With Amos and Hosea, in the middle of the eight century before Christ, began that notable succession of religious thinkers whose utterances have been given permanent form in the prophetic books of the Old Testament. As we know from their writings, they are men of remarkable breadth, insight and power. While their greatest service to the world of their day, or of ours, was in the sphere of constructive religious thought, they were interested in the practical problems of human life, and touched it at many points. Their conviction that righteousness and sincerity were the fundamental elements of true life made them unsparing critics of social wrongs, idolatry, formalism, and worldliness, preachers of faith in God and love to man, and statesmanlike advisers on questions of public policy. Their chief distinction was their modest boldness. They spoke in the name of God, and claimed to give expression to his will. They looked at life from the standpoint of the Divine, approving or denouncing its varied phases according to their harmony with the ideal revealed to them. These men were called by their contemporaries 'prophets' or occasionally 'seers'. Another favourite term was 'men of God'.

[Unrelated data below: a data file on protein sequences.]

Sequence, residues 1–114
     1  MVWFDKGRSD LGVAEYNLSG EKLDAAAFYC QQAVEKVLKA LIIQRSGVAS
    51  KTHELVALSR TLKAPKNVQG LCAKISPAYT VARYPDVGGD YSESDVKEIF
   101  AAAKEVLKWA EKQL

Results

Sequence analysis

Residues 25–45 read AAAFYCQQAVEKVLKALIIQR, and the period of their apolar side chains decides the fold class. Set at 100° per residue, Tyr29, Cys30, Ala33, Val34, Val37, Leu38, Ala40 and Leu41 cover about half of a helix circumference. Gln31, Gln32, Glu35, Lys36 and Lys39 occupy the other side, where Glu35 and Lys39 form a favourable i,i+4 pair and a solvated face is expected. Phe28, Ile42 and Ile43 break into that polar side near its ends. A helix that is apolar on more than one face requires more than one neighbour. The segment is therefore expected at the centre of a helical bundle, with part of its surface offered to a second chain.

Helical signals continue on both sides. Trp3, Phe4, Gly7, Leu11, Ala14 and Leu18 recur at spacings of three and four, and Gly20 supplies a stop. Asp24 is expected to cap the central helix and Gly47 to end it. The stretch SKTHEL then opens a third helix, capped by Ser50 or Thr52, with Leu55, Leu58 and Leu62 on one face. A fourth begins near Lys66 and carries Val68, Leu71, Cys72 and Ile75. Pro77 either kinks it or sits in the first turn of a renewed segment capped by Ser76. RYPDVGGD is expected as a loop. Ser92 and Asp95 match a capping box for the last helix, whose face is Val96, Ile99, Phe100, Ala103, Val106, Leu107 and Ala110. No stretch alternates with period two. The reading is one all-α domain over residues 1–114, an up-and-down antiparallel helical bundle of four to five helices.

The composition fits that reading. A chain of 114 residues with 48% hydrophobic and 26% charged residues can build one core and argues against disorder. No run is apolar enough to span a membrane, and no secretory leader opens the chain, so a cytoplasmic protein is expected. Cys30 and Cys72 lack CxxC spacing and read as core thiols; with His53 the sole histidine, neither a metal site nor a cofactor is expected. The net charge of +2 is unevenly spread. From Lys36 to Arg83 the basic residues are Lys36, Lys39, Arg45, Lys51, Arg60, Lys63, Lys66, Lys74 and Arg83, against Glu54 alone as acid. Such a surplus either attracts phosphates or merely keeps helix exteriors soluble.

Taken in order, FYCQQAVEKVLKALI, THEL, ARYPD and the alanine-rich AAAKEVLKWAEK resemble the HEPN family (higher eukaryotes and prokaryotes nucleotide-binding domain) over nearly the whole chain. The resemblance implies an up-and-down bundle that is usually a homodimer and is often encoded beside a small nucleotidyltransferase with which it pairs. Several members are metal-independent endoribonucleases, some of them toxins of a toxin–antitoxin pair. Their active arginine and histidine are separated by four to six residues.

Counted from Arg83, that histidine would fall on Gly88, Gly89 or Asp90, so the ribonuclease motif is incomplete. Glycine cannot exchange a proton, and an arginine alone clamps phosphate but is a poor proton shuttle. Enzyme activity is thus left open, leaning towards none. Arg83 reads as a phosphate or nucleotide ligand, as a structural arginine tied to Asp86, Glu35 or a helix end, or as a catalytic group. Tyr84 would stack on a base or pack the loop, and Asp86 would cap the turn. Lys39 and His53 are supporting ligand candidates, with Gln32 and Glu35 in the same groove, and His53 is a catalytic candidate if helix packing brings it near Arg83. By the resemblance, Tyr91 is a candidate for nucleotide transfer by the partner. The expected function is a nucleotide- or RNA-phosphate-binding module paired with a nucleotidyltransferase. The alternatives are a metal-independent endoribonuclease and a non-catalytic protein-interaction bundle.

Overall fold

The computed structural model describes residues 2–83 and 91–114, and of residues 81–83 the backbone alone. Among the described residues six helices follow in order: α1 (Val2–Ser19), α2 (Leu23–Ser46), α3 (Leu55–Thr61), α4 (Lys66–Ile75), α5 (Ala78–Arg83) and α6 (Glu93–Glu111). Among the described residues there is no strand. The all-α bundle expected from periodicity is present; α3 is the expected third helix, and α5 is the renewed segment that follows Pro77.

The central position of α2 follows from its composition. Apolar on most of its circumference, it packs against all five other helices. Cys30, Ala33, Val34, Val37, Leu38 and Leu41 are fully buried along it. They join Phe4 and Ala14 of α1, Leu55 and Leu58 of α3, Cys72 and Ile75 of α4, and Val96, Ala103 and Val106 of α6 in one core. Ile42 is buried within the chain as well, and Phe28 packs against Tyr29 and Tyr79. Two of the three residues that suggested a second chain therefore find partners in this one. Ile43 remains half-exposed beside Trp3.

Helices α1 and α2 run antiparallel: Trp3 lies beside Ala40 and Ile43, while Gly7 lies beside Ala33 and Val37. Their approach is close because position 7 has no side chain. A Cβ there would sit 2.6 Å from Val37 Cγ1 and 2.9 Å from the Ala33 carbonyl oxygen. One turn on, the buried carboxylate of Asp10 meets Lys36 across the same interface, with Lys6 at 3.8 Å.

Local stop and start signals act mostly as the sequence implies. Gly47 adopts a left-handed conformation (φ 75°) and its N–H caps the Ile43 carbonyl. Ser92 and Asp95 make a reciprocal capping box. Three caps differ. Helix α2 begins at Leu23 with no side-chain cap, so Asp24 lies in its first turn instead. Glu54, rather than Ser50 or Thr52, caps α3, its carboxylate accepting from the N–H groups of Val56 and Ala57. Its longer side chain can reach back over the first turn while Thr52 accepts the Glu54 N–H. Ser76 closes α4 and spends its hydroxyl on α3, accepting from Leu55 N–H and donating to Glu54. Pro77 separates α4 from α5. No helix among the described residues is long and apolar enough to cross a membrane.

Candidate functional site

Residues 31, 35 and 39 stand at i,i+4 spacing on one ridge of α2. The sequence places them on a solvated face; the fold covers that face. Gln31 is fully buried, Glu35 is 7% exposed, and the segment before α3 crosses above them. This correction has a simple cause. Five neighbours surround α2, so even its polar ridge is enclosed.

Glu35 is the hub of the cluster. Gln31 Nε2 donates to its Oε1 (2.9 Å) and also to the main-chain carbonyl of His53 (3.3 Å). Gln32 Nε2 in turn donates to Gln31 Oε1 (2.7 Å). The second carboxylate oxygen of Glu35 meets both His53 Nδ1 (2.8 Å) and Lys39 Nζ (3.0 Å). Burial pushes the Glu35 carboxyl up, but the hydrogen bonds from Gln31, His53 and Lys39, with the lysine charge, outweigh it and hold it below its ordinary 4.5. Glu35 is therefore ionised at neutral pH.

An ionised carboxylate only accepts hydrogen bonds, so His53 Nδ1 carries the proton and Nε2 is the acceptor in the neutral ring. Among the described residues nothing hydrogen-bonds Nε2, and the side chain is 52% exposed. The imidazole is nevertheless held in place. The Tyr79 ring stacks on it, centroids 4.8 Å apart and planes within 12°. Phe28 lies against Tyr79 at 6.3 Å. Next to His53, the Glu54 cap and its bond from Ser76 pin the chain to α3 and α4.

'Prophet', the most frequently recurring term, literally meant 'the speaker' (Exod. 7:1), and suggested that the one to whom it was applied was commissioned to proclaim the will of God. This book presents the essence of the messages of a select group of these important prophets.